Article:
Next week, celebrities and top industry professionals will descend upon Doha, Qatar, to celebrate the arts, fashion, and philanthropy—and the world’s premier soccer tournament, the World Cup. Qatar is emerging as a hot-spot and international epicenter for fashion shows, sporting events, and global conferences. And with the World Cup starting on Sunday, many spectators will be watching Qatar as it hosts nearly 1.2 million visitors and 32 national soccer teams for the biggest global sporting event in the post-pandemic era. What the international community may also appreciate is that Doha’s journey to a modern metropolis took years of collaboration and development among Qataris of all walks of life—not least of which includes the nation’s women.
The Arabian Gulf is inherently viewed as a traditional one, where it is assumed that women do not share the same or equal rights as men do. This is evidenced in countries where—for example—a woman’s testimony is worth only half that of a man’s in court. And while women have only more recently been granted certain freedoms and liberties—like driving—in Qatar and other parts of the Middle East, women have been driving for many years. In fact, Qatar has historically been a leader in the Middle East in elevating women in society, including in the fields of education, business, the arts and humanities, and culture. These advances have dramatically changed the status of women in Qatar in a positive way.
The current position of women in Qatari society can be traced to the moment women were given the right to vote. Qatar declared its independence from Britain on September 3, 1971, and in 1997, women were granted the right to vote there, casting their first votes in 1999. Since then, it seems that a tidal wave of change began to occur for women in the country.
Sheika Moza bint Nasser, the mother of the current Emir, championed the charge to expand educational access for women. That expansion of educational access has allowed Qatari women to pursue careers in medicine, finance, architecture, law, technology, and more. In fact, women make up more than 60% of students enrolled in universities. Today, Sheika Nasser continues her quest to improve educational access for women and is a strong ambassador for that cause in the region.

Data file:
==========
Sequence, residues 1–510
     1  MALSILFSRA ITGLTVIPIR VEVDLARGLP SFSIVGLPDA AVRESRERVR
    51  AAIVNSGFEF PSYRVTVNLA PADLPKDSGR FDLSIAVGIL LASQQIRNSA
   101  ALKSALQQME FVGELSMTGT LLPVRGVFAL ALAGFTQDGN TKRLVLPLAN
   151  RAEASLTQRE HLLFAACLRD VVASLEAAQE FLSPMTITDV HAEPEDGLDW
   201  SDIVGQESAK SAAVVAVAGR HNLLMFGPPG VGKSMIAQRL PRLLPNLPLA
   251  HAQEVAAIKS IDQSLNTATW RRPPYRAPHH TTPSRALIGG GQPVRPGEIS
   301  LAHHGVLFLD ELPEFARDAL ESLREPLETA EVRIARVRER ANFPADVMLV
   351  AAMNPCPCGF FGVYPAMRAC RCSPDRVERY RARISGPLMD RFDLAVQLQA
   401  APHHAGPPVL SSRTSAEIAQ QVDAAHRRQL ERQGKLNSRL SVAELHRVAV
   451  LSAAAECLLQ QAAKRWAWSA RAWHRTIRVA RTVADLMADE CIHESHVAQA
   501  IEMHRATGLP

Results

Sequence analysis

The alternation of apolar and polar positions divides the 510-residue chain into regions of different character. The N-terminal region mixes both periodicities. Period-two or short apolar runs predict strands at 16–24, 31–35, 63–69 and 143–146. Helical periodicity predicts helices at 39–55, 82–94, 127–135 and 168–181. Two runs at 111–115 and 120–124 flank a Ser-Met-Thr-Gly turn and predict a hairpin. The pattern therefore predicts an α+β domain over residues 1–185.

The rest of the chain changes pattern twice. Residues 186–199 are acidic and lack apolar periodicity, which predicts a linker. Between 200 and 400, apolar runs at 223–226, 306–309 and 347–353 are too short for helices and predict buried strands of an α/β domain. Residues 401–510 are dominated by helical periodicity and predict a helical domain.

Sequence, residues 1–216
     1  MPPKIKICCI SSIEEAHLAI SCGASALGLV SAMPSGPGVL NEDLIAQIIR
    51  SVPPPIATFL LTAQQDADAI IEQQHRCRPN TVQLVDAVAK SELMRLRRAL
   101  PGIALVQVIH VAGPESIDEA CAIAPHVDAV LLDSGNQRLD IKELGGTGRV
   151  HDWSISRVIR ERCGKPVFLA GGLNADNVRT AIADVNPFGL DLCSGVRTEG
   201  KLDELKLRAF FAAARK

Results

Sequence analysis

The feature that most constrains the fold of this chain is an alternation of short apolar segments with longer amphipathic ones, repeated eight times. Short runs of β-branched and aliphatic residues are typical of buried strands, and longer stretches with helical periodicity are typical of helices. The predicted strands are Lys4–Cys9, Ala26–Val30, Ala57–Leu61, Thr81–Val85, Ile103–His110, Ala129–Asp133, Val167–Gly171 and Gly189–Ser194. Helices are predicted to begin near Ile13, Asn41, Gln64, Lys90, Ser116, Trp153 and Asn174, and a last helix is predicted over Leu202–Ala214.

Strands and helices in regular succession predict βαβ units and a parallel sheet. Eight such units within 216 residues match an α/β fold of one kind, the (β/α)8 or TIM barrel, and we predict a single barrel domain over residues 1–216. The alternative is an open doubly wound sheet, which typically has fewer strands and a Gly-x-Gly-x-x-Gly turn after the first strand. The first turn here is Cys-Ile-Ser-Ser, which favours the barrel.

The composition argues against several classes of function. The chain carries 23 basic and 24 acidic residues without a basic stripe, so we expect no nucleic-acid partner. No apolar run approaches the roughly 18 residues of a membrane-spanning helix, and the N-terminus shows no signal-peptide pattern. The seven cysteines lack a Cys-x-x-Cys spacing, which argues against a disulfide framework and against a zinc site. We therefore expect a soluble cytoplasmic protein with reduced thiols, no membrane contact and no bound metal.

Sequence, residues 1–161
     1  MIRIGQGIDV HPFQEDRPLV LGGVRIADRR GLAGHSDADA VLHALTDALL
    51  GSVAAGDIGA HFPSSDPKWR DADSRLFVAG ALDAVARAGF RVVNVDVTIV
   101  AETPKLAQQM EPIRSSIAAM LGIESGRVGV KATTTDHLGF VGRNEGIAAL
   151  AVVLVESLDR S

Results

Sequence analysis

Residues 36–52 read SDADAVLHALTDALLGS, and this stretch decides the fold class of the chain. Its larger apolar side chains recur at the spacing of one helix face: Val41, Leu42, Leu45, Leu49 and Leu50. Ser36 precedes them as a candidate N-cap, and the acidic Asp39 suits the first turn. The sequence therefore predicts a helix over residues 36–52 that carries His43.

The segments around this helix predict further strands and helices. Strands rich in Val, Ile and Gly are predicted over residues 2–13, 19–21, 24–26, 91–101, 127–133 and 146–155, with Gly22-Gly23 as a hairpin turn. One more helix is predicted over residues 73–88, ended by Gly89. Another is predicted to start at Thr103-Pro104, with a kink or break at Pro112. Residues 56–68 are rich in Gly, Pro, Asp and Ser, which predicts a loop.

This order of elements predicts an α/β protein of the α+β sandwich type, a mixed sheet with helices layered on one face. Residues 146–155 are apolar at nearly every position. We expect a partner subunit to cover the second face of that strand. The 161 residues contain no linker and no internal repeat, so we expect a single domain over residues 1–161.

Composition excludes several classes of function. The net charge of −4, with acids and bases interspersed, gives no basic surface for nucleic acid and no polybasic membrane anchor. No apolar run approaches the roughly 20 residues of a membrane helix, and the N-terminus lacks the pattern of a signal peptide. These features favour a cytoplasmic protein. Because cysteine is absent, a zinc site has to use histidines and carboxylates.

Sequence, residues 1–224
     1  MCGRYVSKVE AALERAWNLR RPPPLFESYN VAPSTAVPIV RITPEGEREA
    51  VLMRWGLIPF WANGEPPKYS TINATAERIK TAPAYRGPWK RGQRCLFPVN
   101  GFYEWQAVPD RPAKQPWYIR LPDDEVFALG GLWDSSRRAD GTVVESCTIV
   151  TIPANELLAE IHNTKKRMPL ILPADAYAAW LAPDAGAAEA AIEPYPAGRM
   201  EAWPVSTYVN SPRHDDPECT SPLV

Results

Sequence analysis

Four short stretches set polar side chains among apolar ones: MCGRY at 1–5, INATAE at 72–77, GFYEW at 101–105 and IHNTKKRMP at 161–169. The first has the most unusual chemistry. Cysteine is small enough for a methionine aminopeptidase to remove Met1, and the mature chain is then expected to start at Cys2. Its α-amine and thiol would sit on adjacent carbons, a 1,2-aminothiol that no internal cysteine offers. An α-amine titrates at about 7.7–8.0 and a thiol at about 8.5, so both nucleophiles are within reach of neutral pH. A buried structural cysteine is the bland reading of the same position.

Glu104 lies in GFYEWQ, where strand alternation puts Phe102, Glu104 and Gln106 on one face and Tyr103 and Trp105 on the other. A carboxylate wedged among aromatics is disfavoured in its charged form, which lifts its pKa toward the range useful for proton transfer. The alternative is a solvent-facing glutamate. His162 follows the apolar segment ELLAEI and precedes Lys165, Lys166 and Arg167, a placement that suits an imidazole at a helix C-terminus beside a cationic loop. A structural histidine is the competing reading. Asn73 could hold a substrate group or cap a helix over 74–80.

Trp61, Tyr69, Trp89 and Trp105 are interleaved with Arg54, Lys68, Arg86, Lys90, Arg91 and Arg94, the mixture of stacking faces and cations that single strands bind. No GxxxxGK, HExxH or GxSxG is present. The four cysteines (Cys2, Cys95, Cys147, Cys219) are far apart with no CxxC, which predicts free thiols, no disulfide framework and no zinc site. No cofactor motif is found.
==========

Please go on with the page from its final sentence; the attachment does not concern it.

Qatar is also well known for its robust arts and museum scene, which in recent months have been in the spotlight because of several international events. Orientalist art, which originated in modern-day Turkey, Greece, the Middle East, and North Africa, has been in particular focus. The arts scene can be directly attributed to Sheikha Al Mayassa bint Hamad Al-Thani. She has spearheaded the expansion of Qatar’s national museums, and serves as the co-chair of Fashion Trust Arabia. Her leadership has also attracted several industry leaders in the arts and fashion to Doha and has sparked the interest of luxury goods companies to conduct business in Qatar. These types of soft power initiatives, in which the arts and fashion world can be seen beyond politics and foreign affairs, is a cornerstone of Qatar’s hopes for its own legacy for years following its role as host to the World Cup this year.
Certainly, more work can be done to continue improving the role of women and the immigrant community in Qatari society. Through several established councils and the Qatar Foundation, the country has strongly encouraged women in society to participate socially, economically, and in government. This has allowed women to take center stage roles in the development and execution of World Cup planning and programs. In a recent panel with the U.S.-Qatar Business Council, several female Qatari leaders, including Sheikha Mayes bint Hamad Al Thani, stressed that the World Cup has served as a catalyst for women to grow within leadership positions in the country, furthering their and the nation’s social and economic development. In conjunction with hosting the global soccer tournament this year, Qatar is making efforts to build a legacy of growth and change for itself, and promoting sustainability, education and prosperity through a diversified and healthy economy.
Indeed, Qatar has made great strides to rebut the notion that it is not a safe place for women. The advances provide tangible proof that the country’s best days could still be ahead. The late Malcolm X noted that during his travels through Africa and the Middle East, he realized that “in every country that you go to, usually the degree of progress can never be separated from the woman.” He added, “If you are in a country that is progressive, the woman is progressive. If you’re in a country that reflects the consciousness toward the importance of education, it’s because the woman is aware of the importance of education. But in every backward country you’ll find the women are backward, and in every country where education is not stressed it’s because the women don’t have education.”
From educational and financial investments to their cultural and professional livelihoods, to the fearless leaders that champion progress, the future appears to be bright for women empowerment in Qatar.